A special task force is recommending a host of changes to Wisconsin's mental health laws that the state Assembly could consider before the year ends.
The special committee called together by Assembly Speaker Robin Vos voted Wednesday to recommend giving mental health professionals, not just police officers, the authority to send people into emergency detentions. That authority initially would be allowed in Milwaukee County, but could be extended statewide after two years.
The panel also recommended creating a way for families and other interested parties to request that counties begin an emergency detention and petition a judge to require the detention if the county does not act, the Milwaukee Journal Sentinel reported Thursday.
The task force, which was established by Assembly Speaker Robin Vos, agreed to a series of recommendations in concept and will finalize its report in coming weeks. The Assembly could take them up later this year. Gov. Scott Walker has called for doing more to address mental health needs in the state, but has not weighed in on the committee's specific proposals.
Wisconsin is one of only five states that require police officers detain a patient in an emergency. In other states, doctors and other health professionals can order a person into care.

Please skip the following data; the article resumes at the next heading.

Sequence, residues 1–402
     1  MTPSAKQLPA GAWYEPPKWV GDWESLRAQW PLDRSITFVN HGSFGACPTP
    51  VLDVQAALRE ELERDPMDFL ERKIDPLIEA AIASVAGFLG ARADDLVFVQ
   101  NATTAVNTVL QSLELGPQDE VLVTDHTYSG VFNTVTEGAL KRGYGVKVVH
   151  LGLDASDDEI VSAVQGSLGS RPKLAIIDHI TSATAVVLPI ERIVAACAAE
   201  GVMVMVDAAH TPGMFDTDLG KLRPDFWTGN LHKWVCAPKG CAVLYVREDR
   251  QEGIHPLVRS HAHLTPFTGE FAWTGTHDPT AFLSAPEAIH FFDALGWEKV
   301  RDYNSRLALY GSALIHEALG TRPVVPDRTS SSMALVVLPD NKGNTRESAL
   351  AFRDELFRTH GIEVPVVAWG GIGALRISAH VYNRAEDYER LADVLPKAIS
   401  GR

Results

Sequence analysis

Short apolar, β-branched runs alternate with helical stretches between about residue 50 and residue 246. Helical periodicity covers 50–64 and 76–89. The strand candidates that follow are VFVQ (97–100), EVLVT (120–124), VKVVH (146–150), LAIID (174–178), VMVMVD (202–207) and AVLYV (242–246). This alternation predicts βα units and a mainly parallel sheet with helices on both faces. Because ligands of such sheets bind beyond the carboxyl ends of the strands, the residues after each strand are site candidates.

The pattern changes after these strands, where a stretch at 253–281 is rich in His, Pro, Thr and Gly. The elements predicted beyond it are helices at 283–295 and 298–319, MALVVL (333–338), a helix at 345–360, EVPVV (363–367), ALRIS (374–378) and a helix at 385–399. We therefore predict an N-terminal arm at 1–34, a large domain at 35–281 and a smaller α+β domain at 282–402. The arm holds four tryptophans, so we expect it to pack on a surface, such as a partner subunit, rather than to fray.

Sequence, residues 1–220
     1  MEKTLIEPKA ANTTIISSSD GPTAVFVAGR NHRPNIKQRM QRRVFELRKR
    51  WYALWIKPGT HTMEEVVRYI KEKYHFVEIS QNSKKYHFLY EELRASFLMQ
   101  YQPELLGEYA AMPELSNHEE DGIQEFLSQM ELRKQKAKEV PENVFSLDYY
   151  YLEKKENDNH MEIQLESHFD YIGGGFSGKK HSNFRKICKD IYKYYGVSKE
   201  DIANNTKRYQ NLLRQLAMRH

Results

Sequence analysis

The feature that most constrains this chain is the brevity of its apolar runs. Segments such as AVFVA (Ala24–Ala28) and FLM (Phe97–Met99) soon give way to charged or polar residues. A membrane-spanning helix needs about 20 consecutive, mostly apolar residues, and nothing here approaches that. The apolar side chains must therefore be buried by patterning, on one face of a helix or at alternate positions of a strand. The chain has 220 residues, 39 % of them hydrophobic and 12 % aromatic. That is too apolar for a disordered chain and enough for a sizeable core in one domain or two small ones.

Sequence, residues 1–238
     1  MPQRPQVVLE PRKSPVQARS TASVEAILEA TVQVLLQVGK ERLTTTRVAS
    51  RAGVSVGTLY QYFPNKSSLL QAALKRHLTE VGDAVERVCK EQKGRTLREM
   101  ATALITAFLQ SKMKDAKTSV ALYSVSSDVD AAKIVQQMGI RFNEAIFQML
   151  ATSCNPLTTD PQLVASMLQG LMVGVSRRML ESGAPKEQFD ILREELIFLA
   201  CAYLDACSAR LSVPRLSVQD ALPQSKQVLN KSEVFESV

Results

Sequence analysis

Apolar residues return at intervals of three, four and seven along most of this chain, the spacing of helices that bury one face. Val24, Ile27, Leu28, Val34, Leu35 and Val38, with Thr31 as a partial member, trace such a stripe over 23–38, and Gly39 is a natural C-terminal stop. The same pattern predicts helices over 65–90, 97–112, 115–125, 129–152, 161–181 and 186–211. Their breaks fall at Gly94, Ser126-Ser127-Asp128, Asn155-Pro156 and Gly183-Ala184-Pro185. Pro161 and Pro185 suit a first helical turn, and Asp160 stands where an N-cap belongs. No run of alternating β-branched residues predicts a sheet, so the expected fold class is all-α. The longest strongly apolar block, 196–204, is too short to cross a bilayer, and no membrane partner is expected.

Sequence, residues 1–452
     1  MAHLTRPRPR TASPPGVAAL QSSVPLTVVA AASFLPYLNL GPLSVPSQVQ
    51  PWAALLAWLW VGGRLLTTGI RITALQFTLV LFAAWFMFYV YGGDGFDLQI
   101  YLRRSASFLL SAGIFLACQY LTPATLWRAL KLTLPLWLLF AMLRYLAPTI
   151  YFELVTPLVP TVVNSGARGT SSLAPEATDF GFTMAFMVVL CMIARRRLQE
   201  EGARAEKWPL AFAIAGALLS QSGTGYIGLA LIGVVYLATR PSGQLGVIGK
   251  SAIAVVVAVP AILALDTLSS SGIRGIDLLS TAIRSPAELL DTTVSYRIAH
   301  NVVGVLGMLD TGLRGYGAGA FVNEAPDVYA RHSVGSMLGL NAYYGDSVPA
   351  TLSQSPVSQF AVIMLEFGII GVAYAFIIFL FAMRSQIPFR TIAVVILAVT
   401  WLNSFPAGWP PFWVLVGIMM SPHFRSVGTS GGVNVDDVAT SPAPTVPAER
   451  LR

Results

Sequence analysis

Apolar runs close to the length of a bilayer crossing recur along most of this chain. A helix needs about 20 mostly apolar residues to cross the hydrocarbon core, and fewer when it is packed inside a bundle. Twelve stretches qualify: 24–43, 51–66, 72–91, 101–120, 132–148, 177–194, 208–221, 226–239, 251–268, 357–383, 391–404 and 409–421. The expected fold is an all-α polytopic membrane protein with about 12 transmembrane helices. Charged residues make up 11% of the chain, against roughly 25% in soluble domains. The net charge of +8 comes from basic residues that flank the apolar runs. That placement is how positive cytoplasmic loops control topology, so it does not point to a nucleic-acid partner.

The issue is most pronounced in Milwaukee County, where police last year brought in 973 people whom doctors sent home because they did not meet the standard of dangerousness. At the same time, police have refused to bring in others, whom family members — even doctors — consider dangerously ill.
Other task force recommendations include:
— Creating pilot programs in up to four counties that would assist inmates in signing up for BadgerCare Plus health insurance and other public benefits when they are released from jail. The effort is meant to reduce recidivism.
— Making it easier for families to access in-home treatment for children through BadgerCare Plus and other Medicaid programs.
— Providing grants to law enforcement crisis intervention teams that are trained to respond to people with mental health issues.
— Providing matching funds to counties for mobile mental health crisis teams in rural areas.
How much the recommendations would cost won't be known until the bills are introduced for the Legislature to consider.